So, basically, it’s upending all our postcolonial ideas…
It’s completely upended all our conventional ideas about the world. We are literally in a new era and we don’t know what the world will look like at the end of this. It’s not the West alone. Look at India. I spend a lot of time in Goa. Over the last 10 years, the working class in Goa has come overwhelmingly from eastern India. So, even internally, there’s been a huge dispersal, a demographic upheaval. The idea of citizenry is shifting constantly.
The migrant crisis is one of the biggest events of this decade; on the other hand, we are seeing a rising tide of exclusive nationalism. Is there a link between the two?
They are contradictory developments but both are happening for the same reason. One of the paradoxes of the nationalism that you see today is that it’s fuelled by the internet and social media. The same is true of a lot of migration and dislocation. This technology is so powerful that we haven’t even begun to understand its disruptiveness. I think that the nationalism that one sees today is a response to this. Everything that people are familiar with has become disruptive and it creates incredible anxiety. We have to find rational ways of responding to this anxiety because this is only going to get more and more intense.
When did the popular notion of culture come to disengage with the natural world?
I don’t think it happened at the same pace or at the same time everywhere. In Bangla literature, if you look at the work of a writer like Advaita Mallabarman (1914-1951), or, you look at Mahaswetadi’s (Mahasweta Devi, 1926-2016) body of work, each of them is rooted in the world around us. Many writers of that generation wrote about the impact of nature on human lives. If you look back at Bengali writers of an earlier period, say at the Mangal Kavya (13th-18th century), they are completely engaged with the natural world. Today, if you look at Bangla literature, most of it is set in cities. In the West, this emphasis became pronounced in the late 18th century. In India, the move towards fiction that deals with the urban life has happened in the last 30-40 years. The disengagement with the natural world around us is there not only in Bengali literature but also in literature in Hindi and Kannada, for instance.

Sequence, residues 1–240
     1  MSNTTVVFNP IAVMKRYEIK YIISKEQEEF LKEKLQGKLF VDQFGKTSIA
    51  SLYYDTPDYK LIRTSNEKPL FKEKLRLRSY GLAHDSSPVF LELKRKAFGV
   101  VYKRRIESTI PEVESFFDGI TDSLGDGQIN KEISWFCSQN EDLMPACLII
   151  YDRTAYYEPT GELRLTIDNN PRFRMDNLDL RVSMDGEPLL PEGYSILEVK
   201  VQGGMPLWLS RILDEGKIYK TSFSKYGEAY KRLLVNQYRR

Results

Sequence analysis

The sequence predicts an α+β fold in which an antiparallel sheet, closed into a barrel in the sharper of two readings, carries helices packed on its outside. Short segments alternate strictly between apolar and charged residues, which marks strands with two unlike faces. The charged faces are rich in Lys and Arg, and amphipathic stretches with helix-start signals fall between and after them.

Did the rupture happen because of increasing consumerism?
Yes, definitely. This is something very recent, in the last 30 years. If you look at the Indian government’s attitude towards the environment in the 1970s and the 1980s, it was quite different from what it is today. It’s only in this period of neo-liberalism that we see this massive movement towards rapacious consumerism. We can see now that it’s completely unsustainable.
In India, environmental policies are still inadequate to deal with the magnitude of the problem. In the US, Donald Trump refuses to recognise that climate change is for real. What is it that limits the imagination of our policymakers?
Across the world, we’ve been seeing a lot of greenwashing. They all talk a good game but when push comes to shove, they are all on this growth bandwagon. What is really worrying for India is that our entire ecology is dependent on the monsoon and the monsoon is becoming increasingly erratic. Look at the incredible drought in Maharashtra and in Bundelkhand. Look at the agrarian crisis spreading across this country. The farmers’ march last year was a good development, but nothing came of it.
Like so many of your novels, Gun Island begins with an etymological puzzle. Do you remember how you came to be interested in etymology in the first place?
It’s always fascinated me but I have never consciously considered why. The first article I ever wrote was when I was 16 and it was about etymology. I went to the National Library (in Kolkata), did my research and tried to have it published. Nobody was interested at all in a 16-year-old’s musings (laughs). It’s a part of Indian culture to be interested in words, to be multilingual and it manifests itself in different ways. Look at the kids who win Spelling Bees — they are almost all of Indian origin.
There’s a whole new genre in fiction — climate fiction or cli-fi, as it is being called. Have you read any?
I have read a couple. The parameters of what they are calling climate fiction is that they are almost always dystopian and are set in the future. They have various kinds of catastrophic events, and so, in a way, after you have read a couple of them, you feel like you have read them all.